WADI v. TEPEDINO

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Supreme Court, Appellate Division, Second Department, New York.

Ghaleb WADI, Respondent, v. Carmine TEPEDINO, Appellant.

Decided: August 18, 1997

Before MILLER, J.P., and THOMPSON, JOY and LUCIANO, JJ. Cheven & Keely, New York City (Thomas Torto, of counsel), for appellant. Werbel, Werbel & Strauss, Brooklyn (Shelly K. Werbel, of counsel), for respondent.

In an action to recover damages for personal injuries, the defendant appeals from an order of the Supreme Court, Kings County (Rappaport, J.), dated July 31, 1996, which denied his motion for summary judgment dismissing the complaint on the ground that the plaintiff did not sustain a serious injury within the meaning of Insurance Law § 5102(d).

ORDERED that the order is reversed, on the law, with costs, the defendant's motion for summary judgment is granted, and the complaint is dismissed.

The defendant submitted proof in admissible form which established that the plaintiff had not suffered a serious injury within the meaning of Insurance Law § 5102(d).   The burden thus shifted to the plaintiff to demonstrate the existence of a triable issue of fact (see, Gaddy v. Eyler, 79 N.Y.2d 955, 582 N.Y.S.2d 990, 591 N.E.2d 1176;  Gill v. O.N.S. Trucking, 239 A.D.2d 463, 657 N.Y.S.2d 452).   The plaintiff failed to meet this burden.

The affirmation of Dr. Jorge Rivero, which incorporated an unsworn and undated medical report, was insufficient to raise a triable issue of fact.   Dr. Rivero failed to cite any objective tests which he performed in reaching his conclusions (see, Gill v. O.N.S. Trucking, supra;  Lincoln v. Johnson, 225 A.D.2d 593, 639 N.Y.S.2d 124;  Giannakis v. Paschilidou, 212 A.D.2d 502, 622 N.Y.S.2d 112;  Georgia v. Ramautar, 180 A.D.2d 713, 579 N.Y.S.2d 743).   Moreover, Dr. Rivero last saw the plaintiff in March 1994, a few months after the accident and two years before the motion for summary judgment (see, Letellier v. Walker, 222 A.D.2d 658, 635 N.Y.S.2d 682;  Beckett v. Conte, 176 A.D.2d 774, 575 N.Y.S.2d 102;  Phillips v. Costa, 160 A.D.2d 855, 554 N.Y.S.2d 288;  Covington v. Cinnirella, 146 A.D.2d 565, 536 N.Y.S.2d 514).   Dr. Rivero's conclusory use of the words “permanent” and “significant limitation” in describing the plaintiff's injuries were clearly tailored to meet the statutory requirements, and are therefore insufficient to establish a serious injury (see, Almonacid v. Meltzer, 222 A.D.2d 631, 635 N.Y.S.2d 690;  Gill v. O.N.S. Trucking, supra;  Lincoln v. Johnson, supra).   Under the circumstances, the defendant's motion for summary judgment dismissing the complaint should have been granted.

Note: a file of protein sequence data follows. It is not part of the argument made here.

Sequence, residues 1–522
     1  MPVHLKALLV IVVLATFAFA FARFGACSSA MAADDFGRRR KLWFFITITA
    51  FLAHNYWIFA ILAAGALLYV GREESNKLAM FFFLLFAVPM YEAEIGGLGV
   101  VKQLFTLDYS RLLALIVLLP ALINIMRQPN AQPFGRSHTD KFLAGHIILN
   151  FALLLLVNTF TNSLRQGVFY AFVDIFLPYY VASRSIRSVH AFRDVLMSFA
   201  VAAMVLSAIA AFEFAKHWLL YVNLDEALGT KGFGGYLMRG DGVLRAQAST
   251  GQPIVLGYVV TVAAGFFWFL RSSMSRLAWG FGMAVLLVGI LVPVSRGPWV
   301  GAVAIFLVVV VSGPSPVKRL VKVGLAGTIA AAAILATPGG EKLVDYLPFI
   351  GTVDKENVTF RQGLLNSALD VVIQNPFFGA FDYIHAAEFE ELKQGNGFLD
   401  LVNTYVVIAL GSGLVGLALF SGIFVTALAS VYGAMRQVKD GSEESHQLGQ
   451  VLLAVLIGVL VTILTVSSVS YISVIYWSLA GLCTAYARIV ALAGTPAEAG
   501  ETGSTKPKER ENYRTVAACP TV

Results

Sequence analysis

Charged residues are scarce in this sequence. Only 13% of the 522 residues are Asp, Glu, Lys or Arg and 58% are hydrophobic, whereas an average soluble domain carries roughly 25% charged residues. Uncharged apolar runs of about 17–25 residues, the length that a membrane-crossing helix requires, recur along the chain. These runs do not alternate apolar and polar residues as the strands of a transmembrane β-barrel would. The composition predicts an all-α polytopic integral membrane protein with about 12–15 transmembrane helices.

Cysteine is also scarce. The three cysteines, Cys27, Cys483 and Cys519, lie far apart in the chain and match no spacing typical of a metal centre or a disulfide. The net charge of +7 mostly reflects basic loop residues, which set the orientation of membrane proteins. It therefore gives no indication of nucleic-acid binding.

MEMORANDUM BY THE COURT.

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